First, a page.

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Jay Carney in Food Fight with Press Corps Over Political Metaphors

It was bound to happen sooner or later, but at Thursday’s White House Daily Briefing, the Jenga tower of metaphors that have been used to describe the current government shutdown/default crises came tumbling down at the jittery hand of a confused press corps. In responding to Speaker of the House John Boehner‘s offer of a short-term debt limit increase, Press Secretary Jay Carney tried to make clear that the President won’t pay a ransom in order to have Republicans put down the matches and the gasoline on their nuclear missile, or something.

The questions at hand were whether the President would sign a short-term debt limit increase without a continuing resolution to reopen the government, and whether he would negotiate with Republicans if they passed a clean debt ceiling increase, but not a continuing resolution to reopen the government. The short answers are, it appears, “yes” and “no,” but in his caution to insulate his answers to hypotheticals, Carney seems to have used one too many metaphors for the assembled reporters.

“From your discussions with the first row,” USA Today’s Peter Jackson quipped, my takeaway is the President is open to a short-term of raising the debt limit, even if he does not get a clean CR. Is that correct?”

“I’ll try this again,” Carney said. “The President believes… the answer is yes, but he’s not paying a ransom for Congress to do its job. Because the only people who get hurt — well, the American people get hurt when the Republicans shut the government down, the American people get hurt when those who believe default is not a problem are listened to and followed.”

“Can we just use the yes?” Jackson asked.

From there, the briefing devolved into open revolt over the use of competing metaphors, with reporters talking over each other, Ari Shapiro ticking off several of the metaphors that have been used, and Carney lamenting “You guys are just too literal, then. It’s the closing of the American mind, and failure to appreciate metaphor and simile.”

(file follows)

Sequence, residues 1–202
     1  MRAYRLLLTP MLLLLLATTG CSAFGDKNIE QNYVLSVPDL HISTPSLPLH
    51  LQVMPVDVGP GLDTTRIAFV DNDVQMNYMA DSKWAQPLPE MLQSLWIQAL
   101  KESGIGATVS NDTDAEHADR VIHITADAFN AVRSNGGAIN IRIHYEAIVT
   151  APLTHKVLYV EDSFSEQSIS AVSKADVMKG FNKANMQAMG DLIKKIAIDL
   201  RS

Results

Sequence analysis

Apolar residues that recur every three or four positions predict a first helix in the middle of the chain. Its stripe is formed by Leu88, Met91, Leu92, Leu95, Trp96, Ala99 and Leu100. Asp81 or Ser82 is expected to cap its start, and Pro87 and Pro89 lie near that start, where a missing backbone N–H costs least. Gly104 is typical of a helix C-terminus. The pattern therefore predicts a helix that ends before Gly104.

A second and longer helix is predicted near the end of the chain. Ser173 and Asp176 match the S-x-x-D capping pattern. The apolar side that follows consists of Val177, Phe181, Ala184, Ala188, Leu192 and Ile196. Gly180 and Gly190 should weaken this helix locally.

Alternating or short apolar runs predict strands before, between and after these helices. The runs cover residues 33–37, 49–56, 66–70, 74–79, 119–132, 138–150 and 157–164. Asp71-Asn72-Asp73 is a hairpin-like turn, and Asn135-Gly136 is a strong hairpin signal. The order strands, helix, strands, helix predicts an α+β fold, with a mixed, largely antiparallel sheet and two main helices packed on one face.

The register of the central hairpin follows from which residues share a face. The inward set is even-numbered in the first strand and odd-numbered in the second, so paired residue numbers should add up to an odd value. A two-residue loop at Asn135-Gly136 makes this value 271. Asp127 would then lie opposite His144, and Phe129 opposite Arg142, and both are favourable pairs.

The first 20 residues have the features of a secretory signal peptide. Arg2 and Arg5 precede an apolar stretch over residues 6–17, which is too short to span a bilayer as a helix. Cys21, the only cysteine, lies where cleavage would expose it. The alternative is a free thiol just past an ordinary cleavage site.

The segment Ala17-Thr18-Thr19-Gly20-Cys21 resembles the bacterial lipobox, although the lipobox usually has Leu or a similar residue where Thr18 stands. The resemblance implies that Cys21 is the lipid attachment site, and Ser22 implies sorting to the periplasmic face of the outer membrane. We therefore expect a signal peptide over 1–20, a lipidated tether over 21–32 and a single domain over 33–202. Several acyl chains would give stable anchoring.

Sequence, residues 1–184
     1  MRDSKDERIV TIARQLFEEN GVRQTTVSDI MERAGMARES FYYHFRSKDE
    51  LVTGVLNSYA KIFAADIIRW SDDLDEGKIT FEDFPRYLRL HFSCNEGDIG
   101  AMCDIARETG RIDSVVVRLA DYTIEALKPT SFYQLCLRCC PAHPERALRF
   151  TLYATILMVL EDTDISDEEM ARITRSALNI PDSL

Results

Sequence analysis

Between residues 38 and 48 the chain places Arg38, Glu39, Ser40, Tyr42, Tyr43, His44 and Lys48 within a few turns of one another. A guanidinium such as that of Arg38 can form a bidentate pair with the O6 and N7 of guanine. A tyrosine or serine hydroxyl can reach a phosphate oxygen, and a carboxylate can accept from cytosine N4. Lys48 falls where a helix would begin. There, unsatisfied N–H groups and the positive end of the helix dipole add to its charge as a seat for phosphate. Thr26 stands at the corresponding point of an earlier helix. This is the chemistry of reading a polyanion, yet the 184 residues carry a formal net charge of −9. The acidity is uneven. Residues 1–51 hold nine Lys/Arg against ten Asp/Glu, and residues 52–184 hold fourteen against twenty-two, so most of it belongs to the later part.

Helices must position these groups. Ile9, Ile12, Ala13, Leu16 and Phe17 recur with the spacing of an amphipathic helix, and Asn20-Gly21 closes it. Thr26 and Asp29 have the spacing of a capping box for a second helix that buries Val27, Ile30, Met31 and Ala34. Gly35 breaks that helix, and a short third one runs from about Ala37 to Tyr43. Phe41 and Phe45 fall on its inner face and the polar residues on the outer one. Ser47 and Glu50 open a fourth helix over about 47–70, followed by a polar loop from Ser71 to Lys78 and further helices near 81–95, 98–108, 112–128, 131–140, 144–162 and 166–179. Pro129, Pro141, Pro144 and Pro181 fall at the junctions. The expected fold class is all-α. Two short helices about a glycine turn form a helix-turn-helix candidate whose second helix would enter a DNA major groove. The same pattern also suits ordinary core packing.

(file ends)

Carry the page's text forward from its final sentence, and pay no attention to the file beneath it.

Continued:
“You’re asking me lot of questions based on a bill that doesn’t exist, and may not exist, and doesn’t even reflect what the Speaker of the House and his colleagues discussed a few hours ago,” Carney said, explaining his reluctance to nail down every possible response. “I think we ought to see whether they’re serious about, you know, putting the matches and the gasoline aside when it comes to threatening default. If they’re serious, we’ll evaluate what they moved forward on. What the president has been crystal clear about all along is it’s unacceptable to him that the Republican Party, driven by the Tea Party caucus, try to extract ideological objectives in exchange for opening the government and raising the debt ceiling.”

“So your position is that until then, you’ll continue to obfuscate?” cracked Bill Plante.

“Whether they’re serious about putting the matches and the gasoline aside,” Shapiro said, “you’ve also said they want to keep a nuclear weapon in their back pocket. Is keeping the nuclear weapon in the back pocket the same as putting the matches and gasoline aside, or even better, can we stop talking about gas and nuclear weapons and start talking about what’s actually happening?”

“I wish we knew,” Carney replied with a laugh. “I think there is nobody who has followed the machinations in the last several weeks, and you might argue the last several years, who knows whether they’re going to do the right thing for the American people and open the government.”

Carney went on to explain that the President “said Congress should do both,” pass a clean CR and a debt limit increase, and “If they do one thing, that’s a good thing, but he’ll still insist they do the other.”

Here’s the video, from C-Span 3:


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